Posted by Admin on September 05, 2016
Find out which factors adversely affect your smartphone's antenna performance so you can make the most of your important communication device. The cell phone penetration in the United States is close to 100 percent. It is only natural for most Americans to expect to get an excellent cell reception all the time; whether they are in the office, car, or at home. Yet, it is rare to find a cell phone user in the country who has never experienced poor signal reception or the occasional dropped call. Obviously this is very frustrating, but it is not always the fault of the cell phone carrier: it could be as simple as something standing between you and the cell tower.
Things That Obstruct Cell Phone Signals.
Your cellular signals come from the cell towers nearby. If there are no cell towers in the vicinity, then it is quite obvious that you would get a poor cell phone reception. Now, the United States certainly does not lack in cell towers, but there’re a number of other reasons why the signals from these cell towers may not be reaching your device.
All of the above factors are responsible for obstructing the cell signal and preventing the signal from reaching your phone or other devices. The result can be a poor or non-existent cell reception. Building materials are particularly effective at blocking cell signals.
How Building Materials Block Signals.
Most large objects built by humans are capable of interfering with cell phone connectivity, and because we spend so much of our time inside buildings we have come to depend on strong indoor cell reception. But now we know that radio-frequency signals are not capable of filtering through building materials such as concrete and metal.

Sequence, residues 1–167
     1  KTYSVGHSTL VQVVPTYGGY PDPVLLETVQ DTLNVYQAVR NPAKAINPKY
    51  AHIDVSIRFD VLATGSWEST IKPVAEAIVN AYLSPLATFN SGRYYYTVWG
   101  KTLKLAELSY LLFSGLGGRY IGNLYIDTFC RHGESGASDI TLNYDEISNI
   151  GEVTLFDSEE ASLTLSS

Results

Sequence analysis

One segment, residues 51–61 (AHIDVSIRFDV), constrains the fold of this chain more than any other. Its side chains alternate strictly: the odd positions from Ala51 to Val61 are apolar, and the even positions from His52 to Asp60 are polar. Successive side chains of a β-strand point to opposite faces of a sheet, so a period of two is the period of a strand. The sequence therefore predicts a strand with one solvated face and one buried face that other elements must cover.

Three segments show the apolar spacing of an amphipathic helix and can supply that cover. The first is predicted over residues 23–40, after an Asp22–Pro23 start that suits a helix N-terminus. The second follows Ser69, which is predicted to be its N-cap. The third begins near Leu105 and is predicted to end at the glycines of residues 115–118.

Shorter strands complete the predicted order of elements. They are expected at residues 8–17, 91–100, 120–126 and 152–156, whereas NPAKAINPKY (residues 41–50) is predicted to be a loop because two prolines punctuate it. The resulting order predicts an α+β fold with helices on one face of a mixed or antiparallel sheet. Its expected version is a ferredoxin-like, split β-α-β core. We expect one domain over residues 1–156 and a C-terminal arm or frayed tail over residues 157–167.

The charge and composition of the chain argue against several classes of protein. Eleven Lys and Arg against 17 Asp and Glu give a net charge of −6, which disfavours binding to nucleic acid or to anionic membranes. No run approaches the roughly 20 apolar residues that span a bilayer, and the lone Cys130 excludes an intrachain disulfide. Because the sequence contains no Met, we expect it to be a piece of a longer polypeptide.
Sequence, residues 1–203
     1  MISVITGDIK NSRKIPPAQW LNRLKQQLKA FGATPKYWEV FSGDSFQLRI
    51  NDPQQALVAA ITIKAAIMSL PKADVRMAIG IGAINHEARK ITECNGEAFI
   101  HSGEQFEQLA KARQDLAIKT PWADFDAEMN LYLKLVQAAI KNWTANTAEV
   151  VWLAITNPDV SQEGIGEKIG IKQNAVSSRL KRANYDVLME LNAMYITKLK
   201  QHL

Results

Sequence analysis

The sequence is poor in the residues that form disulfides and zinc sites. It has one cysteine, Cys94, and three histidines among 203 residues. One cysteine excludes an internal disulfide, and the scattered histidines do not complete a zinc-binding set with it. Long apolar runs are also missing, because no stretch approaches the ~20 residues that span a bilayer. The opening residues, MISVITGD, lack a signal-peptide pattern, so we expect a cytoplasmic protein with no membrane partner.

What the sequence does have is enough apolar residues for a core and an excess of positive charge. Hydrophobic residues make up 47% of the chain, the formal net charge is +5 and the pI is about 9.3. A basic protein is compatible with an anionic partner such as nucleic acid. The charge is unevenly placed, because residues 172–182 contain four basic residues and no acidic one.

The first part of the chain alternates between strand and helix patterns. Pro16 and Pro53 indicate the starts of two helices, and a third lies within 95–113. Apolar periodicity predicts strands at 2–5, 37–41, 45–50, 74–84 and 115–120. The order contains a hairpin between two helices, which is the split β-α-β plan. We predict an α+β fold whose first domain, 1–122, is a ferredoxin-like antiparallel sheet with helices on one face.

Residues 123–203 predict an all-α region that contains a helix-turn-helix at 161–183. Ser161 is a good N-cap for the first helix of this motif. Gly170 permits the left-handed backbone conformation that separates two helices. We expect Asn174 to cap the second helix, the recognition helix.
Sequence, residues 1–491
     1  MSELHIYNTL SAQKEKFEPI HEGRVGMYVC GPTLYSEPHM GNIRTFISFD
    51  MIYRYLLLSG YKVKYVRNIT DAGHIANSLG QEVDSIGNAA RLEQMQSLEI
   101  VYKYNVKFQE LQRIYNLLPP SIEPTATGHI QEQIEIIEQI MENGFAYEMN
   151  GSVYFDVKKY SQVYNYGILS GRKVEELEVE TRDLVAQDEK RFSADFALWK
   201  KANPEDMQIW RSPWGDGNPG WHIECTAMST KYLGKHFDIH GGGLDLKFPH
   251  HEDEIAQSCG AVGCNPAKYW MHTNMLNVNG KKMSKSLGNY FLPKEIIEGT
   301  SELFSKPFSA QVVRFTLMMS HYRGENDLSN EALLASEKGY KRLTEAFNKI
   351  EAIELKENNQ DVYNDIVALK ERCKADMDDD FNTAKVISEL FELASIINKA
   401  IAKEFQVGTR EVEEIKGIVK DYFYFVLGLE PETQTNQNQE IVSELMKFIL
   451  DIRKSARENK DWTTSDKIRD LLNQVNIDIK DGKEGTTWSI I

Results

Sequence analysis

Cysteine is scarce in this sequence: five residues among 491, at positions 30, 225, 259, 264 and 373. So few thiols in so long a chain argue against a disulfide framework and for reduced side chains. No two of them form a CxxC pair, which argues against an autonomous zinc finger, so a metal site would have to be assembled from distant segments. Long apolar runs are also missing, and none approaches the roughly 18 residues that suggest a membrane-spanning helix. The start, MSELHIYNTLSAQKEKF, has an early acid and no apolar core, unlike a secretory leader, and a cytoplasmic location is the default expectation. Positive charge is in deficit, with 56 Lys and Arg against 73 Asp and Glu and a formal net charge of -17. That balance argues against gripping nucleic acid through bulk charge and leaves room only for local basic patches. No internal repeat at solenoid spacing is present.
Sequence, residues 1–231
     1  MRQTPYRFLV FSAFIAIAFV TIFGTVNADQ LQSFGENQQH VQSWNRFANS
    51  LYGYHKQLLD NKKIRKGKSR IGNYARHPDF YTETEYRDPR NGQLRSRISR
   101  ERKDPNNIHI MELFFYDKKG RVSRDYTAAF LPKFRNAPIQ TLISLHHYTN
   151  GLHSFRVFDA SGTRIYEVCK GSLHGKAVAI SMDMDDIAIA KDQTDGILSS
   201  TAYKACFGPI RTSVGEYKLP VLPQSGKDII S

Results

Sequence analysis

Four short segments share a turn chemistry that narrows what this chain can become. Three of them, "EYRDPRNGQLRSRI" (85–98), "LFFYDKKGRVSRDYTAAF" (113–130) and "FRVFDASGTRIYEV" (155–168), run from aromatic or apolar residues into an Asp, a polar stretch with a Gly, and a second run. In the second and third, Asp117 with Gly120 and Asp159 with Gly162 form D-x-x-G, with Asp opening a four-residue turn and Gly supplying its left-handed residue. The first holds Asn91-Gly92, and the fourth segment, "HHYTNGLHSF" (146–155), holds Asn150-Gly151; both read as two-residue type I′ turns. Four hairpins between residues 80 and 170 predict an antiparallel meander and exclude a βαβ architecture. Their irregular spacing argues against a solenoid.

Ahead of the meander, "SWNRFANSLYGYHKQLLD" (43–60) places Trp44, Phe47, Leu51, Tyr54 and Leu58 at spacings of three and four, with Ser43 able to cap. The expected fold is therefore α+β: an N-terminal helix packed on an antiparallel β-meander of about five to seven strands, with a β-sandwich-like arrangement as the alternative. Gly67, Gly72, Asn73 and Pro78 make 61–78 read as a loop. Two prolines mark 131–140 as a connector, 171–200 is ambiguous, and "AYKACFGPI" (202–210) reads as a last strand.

In fact, even the walls of your office within a large building can distort or deflect signal waves. This explains why cell reception is almost always disrupted when you drive into a parking garage with concrete ceiling above - it is because the signal finds it difficult to work its way through thick concrete walls and multi-storey floors.
Other building materials such as drywall, shingles, stone, brick, and wood can have a similar effect – weakening, and sometimes completely blocking cell signals. Even glass, particularly energy-efficient windows that are coated with metal oxide, can cause cell signals to bounce off their surface.
The reception is almost always better outside a building than it is inside; so how does one improve the indoor cell reception? Answer: Cell Signal Booster.
What Is a Cell Signal Booster?
A Cell Signal Booster does a very simple thing - it catches and amplifies the outside signal – even one that is very weak - and broadcasts it inside the building. A cell phone signal booster, also known as a Bidirectional Amplifier, makes a huge difference to cell reception and ensures a much stronger and more reliable signal for your cell phone and other devices. Then, when you use your phone to make a call, the process works in reverse - an amplified signal is transmitted from your phone back to the cell tower.
Depending on the building materials, the layout of the building, and the size of the interior space, it may be that you will require multiple antennas and amplifiers to provide the coverage you need. A professional installer would be able to help you optimize your booster system for the best results.
Why not contact us today and we can show you how a Cell Signal Booster can dramatically improve cellular coverage inside your building!